The spread COVID-19, the coronavirus illness which was first reported in Wuhan, China in 2019, has brought with it a number of unsurprising worries and concerns regarding the virus - including if it’s possible to contract it twice.

So, can you get coronavirus twice? Or do you simply become immune once you’ve contracted it? Let’s discuss.


Can you get infected with coronavirus twice?


It’s important to remember that SARS-CoV-2 is a new strain of coronavirus which we’re learning more about each day, and, some questions are difficult to give a direct answer to - including whether you can get coronavirus twice.

To put it simply, it’s not yet completely clear whether you can get coronavirus twice. CDC explains that: “The immune response to COVID-19 is not yet understood. Patients with MERS-CoV (a similar but different viral infection) are unlikely to be re-infected shortly after they recover, but it is not yet known whether similar immune protection will be observed for patients with COVID-19.” [1]


Has anyone gotten the coronavirus twice?


There have been reports of a small number of cases where patients who were hospitalised with confirmed Covid-19 and later tested negative were then later found to be positive again.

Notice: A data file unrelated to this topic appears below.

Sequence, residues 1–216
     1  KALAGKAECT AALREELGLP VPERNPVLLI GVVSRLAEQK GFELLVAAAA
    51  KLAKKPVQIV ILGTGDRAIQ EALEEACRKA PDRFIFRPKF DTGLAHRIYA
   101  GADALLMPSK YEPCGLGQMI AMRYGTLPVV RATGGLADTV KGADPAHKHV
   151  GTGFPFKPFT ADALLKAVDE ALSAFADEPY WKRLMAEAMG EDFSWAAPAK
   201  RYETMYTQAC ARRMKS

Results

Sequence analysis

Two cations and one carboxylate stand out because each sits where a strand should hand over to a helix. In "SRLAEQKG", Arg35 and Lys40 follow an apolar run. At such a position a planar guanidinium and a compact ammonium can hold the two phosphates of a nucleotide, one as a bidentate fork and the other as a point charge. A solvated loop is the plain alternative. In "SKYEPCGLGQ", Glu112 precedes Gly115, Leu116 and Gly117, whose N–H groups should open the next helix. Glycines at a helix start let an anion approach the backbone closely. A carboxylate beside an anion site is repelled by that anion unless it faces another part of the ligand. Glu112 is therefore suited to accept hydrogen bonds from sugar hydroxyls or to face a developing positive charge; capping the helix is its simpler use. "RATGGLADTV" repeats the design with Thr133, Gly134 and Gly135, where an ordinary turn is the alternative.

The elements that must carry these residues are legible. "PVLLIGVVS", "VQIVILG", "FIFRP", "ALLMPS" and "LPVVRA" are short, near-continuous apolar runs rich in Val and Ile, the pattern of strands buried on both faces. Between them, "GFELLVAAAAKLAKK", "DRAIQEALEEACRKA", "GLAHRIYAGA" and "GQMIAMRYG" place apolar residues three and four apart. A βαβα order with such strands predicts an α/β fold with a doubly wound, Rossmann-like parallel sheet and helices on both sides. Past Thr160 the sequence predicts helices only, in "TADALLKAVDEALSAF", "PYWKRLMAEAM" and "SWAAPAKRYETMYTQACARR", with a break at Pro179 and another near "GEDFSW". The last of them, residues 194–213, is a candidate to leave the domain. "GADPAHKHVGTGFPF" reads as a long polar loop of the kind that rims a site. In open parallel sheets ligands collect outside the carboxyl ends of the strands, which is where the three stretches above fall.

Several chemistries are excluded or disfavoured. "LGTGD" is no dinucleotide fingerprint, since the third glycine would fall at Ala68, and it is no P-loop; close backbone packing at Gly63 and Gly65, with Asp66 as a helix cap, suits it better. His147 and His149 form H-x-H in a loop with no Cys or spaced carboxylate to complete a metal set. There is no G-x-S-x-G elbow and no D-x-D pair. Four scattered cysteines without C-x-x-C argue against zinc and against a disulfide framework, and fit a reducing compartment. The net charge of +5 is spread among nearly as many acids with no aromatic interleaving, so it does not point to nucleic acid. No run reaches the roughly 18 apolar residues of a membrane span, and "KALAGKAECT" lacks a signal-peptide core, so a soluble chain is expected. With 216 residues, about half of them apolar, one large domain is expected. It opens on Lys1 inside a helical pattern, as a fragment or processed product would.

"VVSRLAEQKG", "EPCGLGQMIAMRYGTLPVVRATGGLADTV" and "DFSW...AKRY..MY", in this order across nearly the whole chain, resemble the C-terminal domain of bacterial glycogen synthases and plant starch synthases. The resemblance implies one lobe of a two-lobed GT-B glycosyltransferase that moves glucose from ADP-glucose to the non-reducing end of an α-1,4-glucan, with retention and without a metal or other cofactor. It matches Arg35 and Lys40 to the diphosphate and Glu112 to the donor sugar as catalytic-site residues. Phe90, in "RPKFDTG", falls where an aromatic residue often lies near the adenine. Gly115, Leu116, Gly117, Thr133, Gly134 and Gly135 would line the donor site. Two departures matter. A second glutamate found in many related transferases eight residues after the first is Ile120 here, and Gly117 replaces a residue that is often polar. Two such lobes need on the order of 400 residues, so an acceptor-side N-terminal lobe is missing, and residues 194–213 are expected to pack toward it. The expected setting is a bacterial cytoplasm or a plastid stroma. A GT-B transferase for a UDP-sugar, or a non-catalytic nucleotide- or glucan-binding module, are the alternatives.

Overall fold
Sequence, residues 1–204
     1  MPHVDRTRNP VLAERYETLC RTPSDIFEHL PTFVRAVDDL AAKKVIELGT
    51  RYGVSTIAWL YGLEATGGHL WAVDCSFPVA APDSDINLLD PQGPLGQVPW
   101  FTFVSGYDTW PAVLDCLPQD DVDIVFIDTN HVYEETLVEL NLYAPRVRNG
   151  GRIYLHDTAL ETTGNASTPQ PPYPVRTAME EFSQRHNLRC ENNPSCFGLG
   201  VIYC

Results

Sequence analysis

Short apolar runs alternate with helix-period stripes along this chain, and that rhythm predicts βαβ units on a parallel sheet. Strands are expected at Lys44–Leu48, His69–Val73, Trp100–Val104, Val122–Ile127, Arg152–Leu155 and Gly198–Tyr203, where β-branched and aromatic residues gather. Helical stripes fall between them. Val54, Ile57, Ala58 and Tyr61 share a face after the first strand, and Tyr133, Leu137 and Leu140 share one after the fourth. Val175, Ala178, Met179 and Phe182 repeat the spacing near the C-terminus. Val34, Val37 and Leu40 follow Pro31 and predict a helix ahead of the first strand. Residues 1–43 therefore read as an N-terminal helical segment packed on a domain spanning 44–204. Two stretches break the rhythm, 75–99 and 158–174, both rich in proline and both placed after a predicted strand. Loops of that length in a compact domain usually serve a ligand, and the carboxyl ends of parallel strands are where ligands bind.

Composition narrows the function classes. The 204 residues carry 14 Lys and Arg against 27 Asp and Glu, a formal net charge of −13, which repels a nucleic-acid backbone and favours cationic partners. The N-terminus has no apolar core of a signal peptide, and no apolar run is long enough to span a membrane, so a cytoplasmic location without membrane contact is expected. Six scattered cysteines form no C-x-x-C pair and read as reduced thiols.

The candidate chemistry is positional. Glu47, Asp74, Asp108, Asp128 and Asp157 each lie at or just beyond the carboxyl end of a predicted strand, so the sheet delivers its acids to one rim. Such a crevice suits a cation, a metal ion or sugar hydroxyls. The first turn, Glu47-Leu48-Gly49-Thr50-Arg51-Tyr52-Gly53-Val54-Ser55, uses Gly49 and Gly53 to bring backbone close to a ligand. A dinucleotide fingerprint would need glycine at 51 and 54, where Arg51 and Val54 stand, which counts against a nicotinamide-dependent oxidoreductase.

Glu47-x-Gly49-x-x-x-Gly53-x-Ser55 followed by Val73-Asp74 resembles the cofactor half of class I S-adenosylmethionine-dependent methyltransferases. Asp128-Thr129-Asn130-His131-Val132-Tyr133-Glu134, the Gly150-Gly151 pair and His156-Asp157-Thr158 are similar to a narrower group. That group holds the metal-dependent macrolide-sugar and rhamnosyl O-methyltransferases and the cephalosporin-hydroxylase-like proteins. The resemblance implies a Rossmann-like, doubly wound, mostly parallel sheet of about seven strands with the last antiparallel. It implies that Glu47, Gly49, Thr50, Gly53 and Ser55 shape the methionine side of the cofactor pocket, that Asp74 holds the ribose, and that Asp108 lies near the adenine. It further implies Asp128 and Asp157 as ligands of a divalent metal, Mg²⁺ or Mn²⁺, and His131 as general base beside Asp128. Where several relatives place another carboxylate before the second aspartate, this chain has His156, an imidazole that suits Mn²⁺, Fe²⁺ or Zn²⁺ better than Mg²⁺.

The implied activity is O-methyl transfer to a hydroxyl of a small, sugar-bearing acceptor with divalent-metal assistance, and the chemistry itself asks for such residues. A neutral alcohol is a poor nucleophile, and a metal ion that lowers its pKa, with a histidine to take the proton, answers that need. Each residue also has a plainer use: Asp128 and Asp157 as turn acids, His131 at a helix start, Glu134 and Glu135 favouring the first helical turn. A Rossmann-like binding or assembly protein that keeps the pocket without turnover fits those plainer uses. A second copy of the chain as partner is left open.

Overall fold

However, this may be a result of missing the infection during testing originally (if very small amounts of virus were present early in the infection) and it’s also possible that patients who were initially released with negative results were released before they were fully recovered.

Keep in mind that what we know about these small number of cases comes from news reports and not scientific studies.


At the time of writing, the latest figures show that over 80,000 people have recovered from this disease, and it is important to remember that the majority of people who develop COVID-19 have mild or moderate symptoms and recover. [2].

Having said that, it’s crucial to follow the hygiene steps outlined by CDC to keep both yourself and your loved ones protected from getting and spreading the virus, these include:

  • Clean your hands carefully and often with soap and water
  • Avoid close contact with people who are sick
  • Stay home if you’re sick
  • Cover coughs and sneezes with your elbow or a tissue, not your hand
  • Wear a facemask if you’re sick
  • Clean and disinfect frequently touched surfaces regularly

References

  1. Centers for Disease Control and Prevention. Healthcare Professionals: Frequently Asked Questions and Answers. Online: Cdc.gov, 2020
  2. Coronavirus COVID-19 Global Cases by the Center for Systems Science and Engineering (CSSE) at Johns Hopkins University (JHU)